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The Bankruptcy Means Test

What Is the Bankruptcy Means Test?

As of the 2005 Bankruptcy Act, the Means Test is the method to determine your eligibility for filing Chapter 7 bankruptcy. Applying the means test properly can be extremely difficult, due to the number of exceptions and exemptions that may affect the calculation.  However, in very general terms, the bankruptcy court will compare your average income for the 6 months prior to filing, as stated in the affidavit you are required to submit, to the median income for households of the same size in Florida. If your income is below the median, then you can file for Chapter 7. 

If your income is above the median and you still want to file chapter 7, then the longer version of the means test will be applied to determine if you still qualify for Chapter 7 or will be required to file for Chapter 13 instead. The longer form of the test takes into consideration other qualifying factors. For example, do you expect your income to continue at the current level or will it change in the near future? Was all or part of your income in the past six months the result of a one-time distribution? The median income for Florida changes regularly, so please contact us for the current median for your household size in Florida.

If you are unable to pay a minimum of $6,000, or $100 per month, over the next five years toward your unsecured debts, after you have paid your expenses, then you will probably qualify for Chapter 7 bankruptcy. But, should you have the ability to pay your unsecured creditors at least $10,000, or $166.67 per month, over the next five years, then you are probably not eligible for Chapter 7 and may need to file for chapter 13 bankruptcy instead.  Determining what qualifies as your expenses can be very complex and has a dramatic impact on your ability to qualify for chapter 7.  We can help you determine what exactly which expenses can be included and help ensure that if you are eligible, that you qualify for chapter 7.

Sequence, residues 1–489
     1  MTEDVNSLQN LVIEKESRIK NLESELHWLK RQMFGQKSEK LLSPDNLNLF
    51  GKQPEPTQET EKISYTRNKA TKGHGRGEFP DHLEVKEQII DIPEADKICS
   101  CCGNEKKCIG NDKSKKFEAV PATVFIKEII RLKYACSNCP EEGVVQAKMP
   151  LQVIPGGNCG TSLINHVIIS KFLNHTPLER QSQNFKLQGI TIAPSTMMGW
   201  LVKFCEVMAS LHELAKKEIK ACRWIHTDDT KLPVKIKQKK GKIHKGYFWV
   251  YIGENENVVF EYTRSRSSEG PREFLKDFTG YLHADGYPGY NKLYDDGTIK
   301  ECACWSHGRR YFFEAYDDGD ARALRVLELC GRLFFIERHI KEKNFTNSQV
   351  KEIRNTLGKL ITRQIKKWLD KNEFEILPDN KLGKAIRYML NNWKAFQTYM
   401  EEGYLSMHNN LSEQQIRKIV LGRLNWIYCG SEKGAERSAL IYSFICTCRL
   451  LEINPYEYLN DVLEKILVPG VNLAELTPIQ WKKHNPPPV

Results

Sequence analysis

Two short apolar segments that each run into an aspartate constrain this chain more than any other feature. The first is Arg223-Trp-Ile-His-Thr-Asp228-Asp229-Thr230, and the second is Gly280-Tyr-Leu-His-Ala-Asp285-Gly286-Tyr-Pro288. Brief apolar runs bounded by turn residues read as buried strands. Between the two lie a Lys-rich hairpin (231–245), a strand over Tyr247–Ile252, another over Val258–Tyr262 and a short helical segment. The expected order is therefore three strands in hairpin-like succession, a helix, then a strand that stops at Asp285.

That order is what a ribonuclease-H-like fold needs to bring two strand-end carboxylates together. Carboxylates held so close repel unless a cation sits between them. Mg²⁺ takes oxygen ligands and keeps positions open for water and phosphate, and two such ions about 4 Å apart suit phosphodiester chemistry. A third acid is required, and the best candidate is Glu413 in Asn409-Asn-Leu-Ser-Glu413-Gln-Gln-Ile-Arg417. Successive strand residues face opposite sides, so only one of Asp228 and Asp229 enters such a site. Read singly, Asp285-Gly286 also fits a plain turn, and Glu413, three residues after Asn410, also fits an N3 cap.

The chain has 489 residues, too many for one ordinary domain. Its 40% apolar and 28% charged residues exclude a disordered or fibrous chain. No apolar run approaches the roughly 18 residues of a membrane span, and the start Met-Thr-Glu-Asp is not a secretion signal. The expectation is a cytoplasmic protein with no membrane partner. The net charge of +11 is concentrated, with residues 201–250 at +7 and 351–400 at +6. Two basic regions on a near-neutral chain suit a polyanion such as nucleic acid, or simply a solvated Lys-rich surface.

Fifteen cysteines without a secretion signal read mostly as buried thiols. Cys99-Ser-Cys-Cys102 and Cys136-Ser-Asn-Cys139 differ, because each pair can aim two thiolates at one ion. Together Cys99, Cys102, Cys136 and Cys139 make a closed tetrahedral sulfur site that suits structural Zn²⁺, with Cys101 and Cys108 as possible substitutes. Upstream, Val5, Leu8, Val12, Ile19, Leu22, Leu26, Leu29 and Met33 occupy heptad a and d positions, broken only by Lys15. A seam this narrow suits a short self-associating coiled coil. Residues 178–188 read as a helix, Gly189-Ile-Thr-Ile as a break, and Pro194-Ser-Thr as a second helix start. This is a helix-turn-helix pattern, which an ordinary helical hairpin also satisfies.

In the event that you have the ability to pay your unsecured debtors more than $6,000, or $100 per month, but less than $10,000, or $166.67 per month, over the next five years, then your ability to qualify for chapter 7 is determined by a mathematical calculation. If you do not have the ability to pay at least 25% of your unsecured debt, then you probably qualify for a chapter 7 filing. If you have the ability to pay 25% or more of your unsecured debt, then you will not qualify for Chapter 7. Unsecured debt is debt that has no collateral associated directly with it and includes such things as credit card debt, medical bills, utility bills, etc…. 

Even if you should qualify for chapter 7, you may still file for Chapter 13 instead; and under some specific circumstances this might be a better option.  

At the Rosenthal Law Group, our bankruptcy lawyers can guide you through the bankruptcy qualification process and help you determine the best option to meet your financial needs. Call us at 727.342.0347 or contact us online to arrange a free consultation with a St. Petersburg bankruptcy means test attorney.